All the highlighted line is telling you is the sensor can be scaled in either direction with an output either proportional or inversely proportional to pressure.

Ron
i mean the reverse thing is it customized by the manufacture

#### ronsimpson

Joined Oct 7, 2019
2,795
I think there are two part numbers that will work.
100KPGN
100KPGPN
I can not find this part(s).

Joined Jan 15, 2015
7,256
i mean the reverse thing is it customized by the manufacture
You posted a chart and that's all. Less a part number specific data sheet I doubt anyone will be able to tell you much about the sensor. I can tell you that the output can apparently be scaled to be proportional or inversely proportional to sensed pressure. That is what the line on top tells you.

You can't just say -95 kilopascals. You need a point of reference. I assume -95 kilopascals referenced to atmosphere since you don't mention absolute pressure. Note on the chart where they mention atmospheric pressure? The charts cover several gauges, you likely want the 0 to 100 kilopascal one or referenced to atmosphere 0 to -100. Less a data sheet I have no idea as to how the output can be scaled. Less a link to manufacturer and data sheet nothing else can be said.

I also cannot find the part?

Ron

#### ihebz

Joined May 17, 2022
10
You posted a chart and that's all. Less a part number specific data sheet I doubt anyone will be able to tell you much about the sensor. I can tell you that the output can apparently be scaled to be proportional or inversely proportional to sensed pressure. That is what the line on top tells you.

You can't just say -95 kilopascals. You need a point of reference. I assume -95 kilopascals referenced to atmosphere since you don't mention absolute pressure. Note on the chart where they mention atmospheric pressure? The charts cover several gauges, you likely want the 0 to 100 kilopascal one or referenced to atmosphere 0 to -100. Less a data sheet I have no idea as to how the output can be scaled. Less a link to manufacturer and data sheet nothing else can be said.

I also cannot find the part?

Ron
https://www.micros.com.pl/mediaserver/CZ_XGZP6867a010kpg_0001.pdf

• ronsimpson

Joined Jan 15, 2015
7,256
Well alright now we have a data sheet. The way this is worded:
" (Output can be calibrated to reverse line with pressure, e.g.-100～0kPa correspond with 4.5～0.5V) "

What I believe since there is no mention of it is that if reading the output with a uC (Micro-Controller) the display can be calibrated using a software solution.

You want to read -95 kilopascals based on atmospheric pressure so you want the part number XGZP6867A100KPGN which measures from atmosphere 0 down to -100 kilopascals. That would be my choice since you are not interested in pressure above atmosphere. The data sheet mentions " Output Signal(A: Analog(0.5-4.5V) D:I2C) " but I see no information for the I2C output version? Matters not if you just want the analog output. It's an 8 pin package but only 3 pins are used. WE have Vcc, GND and Signal out. The data sheet is pretty basic.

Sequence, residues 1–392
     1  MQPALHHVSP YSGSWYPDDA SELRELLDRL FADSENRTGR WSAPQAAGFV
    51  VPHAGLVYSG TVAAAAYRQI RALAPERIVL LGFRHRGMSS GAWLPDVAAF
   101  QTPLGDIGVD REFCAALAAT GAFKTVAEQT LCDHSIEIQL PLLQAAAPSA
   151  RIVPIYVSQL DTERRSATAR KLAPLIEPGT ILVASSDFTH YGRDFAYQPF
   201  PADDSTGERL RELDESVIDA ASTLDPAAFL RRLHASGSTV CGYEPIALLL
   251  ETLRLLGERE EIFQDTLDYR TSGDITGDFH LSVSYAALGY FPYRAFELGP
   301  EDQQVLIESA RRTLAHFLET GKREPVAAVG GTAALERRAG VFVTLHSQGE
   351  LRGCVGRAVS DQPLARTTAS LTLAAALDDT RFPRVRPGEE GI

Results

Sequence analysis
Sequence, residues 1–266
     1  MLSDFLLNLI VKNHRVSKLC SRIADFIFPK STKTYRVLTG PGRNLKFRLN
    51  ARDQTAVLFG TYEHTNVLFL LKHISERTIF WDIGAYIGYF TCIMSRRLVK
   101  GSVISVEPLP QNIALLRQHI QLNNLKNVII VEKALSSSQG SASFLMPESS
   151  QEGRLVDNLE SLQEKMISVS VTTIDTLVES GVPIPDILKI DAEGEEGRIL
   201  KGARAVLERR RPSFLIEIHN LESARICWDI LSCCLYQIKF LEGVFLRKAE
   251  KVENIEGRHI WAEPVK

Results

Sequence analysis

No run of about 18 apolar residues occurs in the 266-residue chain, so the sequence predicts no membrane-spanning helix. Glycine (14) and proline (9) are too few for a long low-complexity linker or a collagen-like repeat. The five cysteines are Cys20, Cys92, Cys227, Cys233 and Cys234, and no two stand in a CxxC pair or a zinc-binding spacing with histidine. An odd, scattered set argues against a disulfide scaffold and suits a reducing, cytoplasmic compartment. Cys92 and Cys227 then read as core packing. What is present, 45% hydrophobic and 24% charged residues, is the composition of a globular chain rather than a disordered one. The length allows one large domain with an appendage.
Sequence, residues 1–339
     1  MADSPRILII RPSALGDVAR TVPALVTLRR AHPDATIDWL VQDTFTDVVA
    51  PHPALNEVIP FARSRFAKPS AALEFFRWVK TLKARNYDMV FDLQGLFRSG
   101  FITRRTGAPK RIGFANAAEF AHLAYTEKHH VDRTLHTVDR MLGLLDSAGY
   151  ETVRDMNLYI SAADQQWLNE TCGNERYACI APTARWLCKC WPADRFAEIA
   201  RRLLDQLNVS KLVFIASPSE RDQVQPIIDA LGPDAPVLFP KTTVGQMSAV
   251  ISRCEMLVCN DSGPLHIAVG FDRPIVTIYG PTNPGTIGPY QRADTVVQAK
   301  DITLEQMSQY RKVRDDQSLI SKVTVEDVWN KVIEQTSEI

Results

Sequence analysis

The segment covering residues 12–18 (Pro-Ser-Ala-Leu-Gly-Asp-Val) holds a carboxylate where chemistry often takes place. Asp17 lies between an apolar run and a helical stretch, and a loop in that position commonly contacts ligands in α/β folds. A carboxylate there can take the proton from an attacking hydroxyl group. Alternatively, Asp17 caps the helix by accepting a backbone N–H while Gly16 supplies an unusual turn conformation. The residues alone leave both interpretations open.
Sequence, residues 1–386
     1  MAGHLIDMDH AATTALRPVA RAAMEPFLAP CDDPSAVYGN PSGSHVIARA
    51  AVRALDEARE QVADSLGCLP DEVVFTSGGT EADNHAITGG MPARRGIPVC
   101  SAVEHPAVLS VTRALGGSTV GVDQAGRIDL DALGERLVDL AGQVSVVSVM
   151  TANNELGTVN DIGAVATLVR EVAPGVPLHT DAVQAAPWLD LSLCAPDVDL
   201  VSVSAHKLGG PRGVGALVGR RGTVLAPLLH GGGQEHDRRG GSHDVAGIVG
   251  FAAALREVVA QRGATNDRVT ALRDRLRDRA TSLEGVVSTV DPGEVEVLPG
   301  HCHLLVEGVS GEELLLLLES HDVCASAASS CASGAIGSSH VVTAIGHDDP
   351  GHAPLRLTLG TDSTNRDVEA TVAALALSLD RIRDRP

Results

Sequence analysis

How were you planning to measure the output and convert the analog signal to units of measure in kilopascals?

Ron

#### ihebz

Joined May 17, 2022
10
Well alright now we have a datasheet. The way this is worded:
" (Output can be calibrated to reverse line with pressure, e.g.-100～0kPa correspond with 4.5～0.5V) "

What I believe since there is no mention of it is that if reading the output with a uC (Micro-Controller) the display can be calibrated using a software solution.

You want to read -95 kilopascals based on atmospheric pressure so you want the part number XGZP6867A100KPGN which measures from atmosphere 0 down to -100 kilopascals. That would be my choice since you are not interested in pressure above the atmosphere. The datasheet mentions " Output Signal(A: Analog(0.5-4.5V) D: I2C) " but I see no information for the I2C output version? Matters not if you just want the analog output. It's an 8-pin package but only 3 pins are used. WE have Vcc, GND, and Signal out. The datasheet is pretty basic.

How were you planning to measure the output and convert the analog signal to units of measure in kilopascals?

Ron
sorry for the late response I'm trying to measure that pressure (-95kpa) using an Arduino card and the software LabVIEW m going to use the convert equation y=xm+b
y is the pressure
x voltage
but I don't know if it is available to read that from the sensor or it gotta be customized

Joined Jan 15, 2015
7,256
I can't speak for using LabView as it's been years.